Primary Colors Watercolor Exercise
About This Primary Colors Watercolor Exercise
The goal of this exercise is to help you get comfortable with primary colors; red, yellow, and blue. Primary colors are colors that cannot be mixed using any other color. Understand their biases and learn to control them with this fun exercise. This Primary colors watercolor exercise is the foundation to gaining confidence with using watercolors. And confidence is key in watercolors.
Below you’ll find the Primary Colors Worksheet to download and print out along with tips on choosing your 3 primary colors.
Tips: Practice daily to get better and grow more and more comfortable with your watercolors.
Don’t be afraid to make a mistake, that’s what we learn from!
Download, Print, and Paint
Download this PDF and print it out on watercolor paper made for an inkjet printer. You can also print it out and trace it onto watercolor paper using carbon paper. Lastly, you could also recreate the worksheet by drawing out the value tower, shapes, fish or otherwise, and the squares on your preferred watercolor paper.
The 3 primary colors are red, blue, and yellow. Within that, there are a lot of warm and cool combinations. This exercise is great for testing out combinations and learning their interactions.
Daniel Smith Watercolors is my preferred brand but you can use your favorite. Purchase a 3 pack of primary colors or 2 sets of primary colors in a pack of 6; 3 cool tones and 3 warm tones of primary color. There are many others to choose from, study the color biases below to choose more combinations. As you saw in my post Primary Colors and the Color Wheel each will yield different results.
- Choose your 3 primary paints – (Purchase a 3 pack of primary colors or 2 sets of primary colors in a pack of 6; 3 cool tones and 3 warm tones of primary color. Study the color biases below to create your own set.)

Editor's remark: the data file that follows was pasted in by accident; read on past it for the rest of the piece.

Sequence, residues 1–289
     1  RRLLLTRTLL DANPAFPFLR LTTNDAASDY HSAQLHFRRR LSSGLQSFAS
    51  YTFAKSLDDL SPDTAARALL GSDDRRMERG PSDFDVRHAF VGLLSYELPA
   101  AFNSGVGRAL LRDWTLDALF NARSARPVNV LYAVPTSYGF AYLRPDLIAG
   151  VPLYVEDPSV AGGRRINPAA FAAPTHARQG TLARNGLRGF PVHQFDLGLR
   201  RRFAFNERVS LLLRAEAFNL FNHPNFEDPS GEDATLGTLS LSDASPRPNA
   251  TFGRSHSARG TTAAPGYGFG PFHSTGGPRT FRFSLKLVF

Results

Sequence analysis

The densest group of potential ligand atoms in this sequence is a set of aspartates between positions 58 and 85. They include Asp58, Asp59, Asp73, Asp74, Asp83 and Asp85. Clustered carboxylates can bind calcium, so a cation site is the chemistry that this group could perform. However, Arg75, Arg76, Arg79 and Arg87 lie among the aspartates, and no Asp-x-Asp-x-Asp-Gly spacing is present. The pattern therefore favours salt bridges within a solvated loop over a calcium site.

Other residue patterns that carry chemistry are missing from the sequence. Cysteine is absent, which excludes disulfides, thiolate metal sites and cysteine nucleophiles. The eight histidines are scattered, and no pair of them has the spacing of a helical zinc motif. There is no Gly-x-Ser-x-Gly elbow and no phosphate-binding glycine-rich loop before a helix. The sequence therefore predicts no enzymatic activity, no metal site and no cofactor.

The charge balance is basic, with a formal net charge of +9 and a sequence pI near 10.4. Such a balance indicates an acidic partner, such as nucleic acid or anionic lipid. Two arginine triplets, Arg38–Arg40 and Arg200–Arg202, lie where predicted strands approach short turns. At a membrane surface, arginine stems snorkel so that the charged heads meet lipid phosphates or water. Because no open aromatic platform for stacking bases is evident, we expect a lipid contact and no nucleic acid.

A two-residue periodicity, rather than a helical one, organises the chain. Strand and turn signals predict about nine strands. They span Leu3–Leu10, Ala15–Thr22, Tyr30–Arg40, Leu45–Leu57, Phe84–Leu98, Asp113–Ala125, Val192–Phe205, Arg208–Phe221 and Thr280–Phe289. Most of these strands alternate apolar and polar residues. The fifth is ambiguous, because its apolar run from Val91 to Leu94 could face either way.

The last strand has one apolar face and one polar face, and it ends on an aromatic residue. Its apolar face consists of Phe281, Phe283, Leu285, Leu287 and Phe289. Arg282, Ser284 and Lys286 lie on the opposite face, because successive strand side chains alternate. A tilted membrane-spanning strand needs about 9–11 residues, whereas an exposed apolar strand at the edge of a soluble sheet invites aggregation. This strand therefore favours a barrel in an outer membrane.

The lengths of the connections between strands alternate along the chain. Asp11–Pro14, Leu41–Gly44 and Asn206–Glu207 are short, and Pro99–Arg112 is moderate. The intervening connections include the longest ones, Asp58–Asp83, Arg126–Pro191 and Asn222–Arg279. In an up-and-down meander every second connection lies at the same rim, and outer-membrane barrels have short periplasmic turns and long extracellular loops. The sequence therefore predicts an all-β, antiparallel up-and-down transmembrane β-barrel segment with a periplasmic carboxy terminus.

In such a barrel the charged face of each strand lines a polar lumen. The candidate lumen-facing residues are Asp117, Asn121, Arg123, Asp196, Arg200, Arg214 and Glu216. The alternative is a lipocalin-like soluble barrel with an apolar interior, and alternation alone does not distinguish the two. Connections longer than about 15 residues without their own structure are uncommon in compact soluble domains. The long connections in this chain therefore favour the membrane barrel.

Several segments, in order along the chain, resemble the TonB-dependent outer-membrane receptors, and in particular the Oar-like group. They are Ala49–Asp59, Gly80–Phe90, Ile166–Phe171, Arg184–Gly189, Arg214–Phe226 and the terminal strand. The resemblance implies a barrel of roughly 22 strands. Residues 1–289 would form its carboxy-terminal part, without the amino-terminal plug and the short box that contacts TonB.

- Print the Primary Colors – Worksheet – (print it on watercolor paper or trace it onto one as see in the picture using carbon paper. If neither of those things are an option for you, or you’d like to get more creative, draw your own shapes following the general layout.)
- Set up a comfortable workspace with your paints, water, brushes, sponge or paper towel, and worksheet.
- Make yourself a promise to not get negative about the learning process and allow yourself to gain knowledge from your mistakes as you make progress.
Grab your paints
Grab your primary colors and a clean palette. Leave enough room around the paints to add water and also to mix them up.
You can use a palette that has wells to hold your individual colors. As with all things, it should be comfortable for you. Try different palettes and see which one you like best.
In the first, Value Scale exercise, you’ll put paint into the 3 value blocks at various strengths.
Working from top to bottom, you’ll add the darkest to the lightest of the blue, red, and yellow. To do this, control your values with water. At the top you’ll only use the tiniest bit of water to allow the paint flow. Then, each time you move down a section, you’ll add more and more water. The last box should be the lightest value.
The Wet-in-Wet Shapes exercise lets you have a bit more fun. That’s what this is all about anyway. These shapes help you work on staying inside the lines with the brush. the wet-in-wet technique give you a chance to see what happens to each color as they are mixed together while wet.
Washes & Patterns
Lastly, the Washes & Patterns exercise encourages you to play with your colors further. Use each square as an opportunity to learn about your colors. How they mix, what happens when you apply a wet color onto a dry one (glazing) and paint lines and shapes on them.
About Color Biases
Creating your own palettes can yield muddy and grey results if not done correctly. Each primary color has a bias to one of the two other primary colors. For example, a warm red contains some yellow – it ‘leans’ toward and is biased toward yellow, whereas a cooler red would have more blue and would lean toward blue, or have a blue bias.
Therefore, when selecting your palette, choose paints biased toward each other. Otherwise, the result mix will look muddy and grey.
chlorinated para red
English red oxide
cadmium yellow lemon
cadmium yellow pale
permanent yellow light
cadmium yellow medium and deep
permanent yellow medium and deep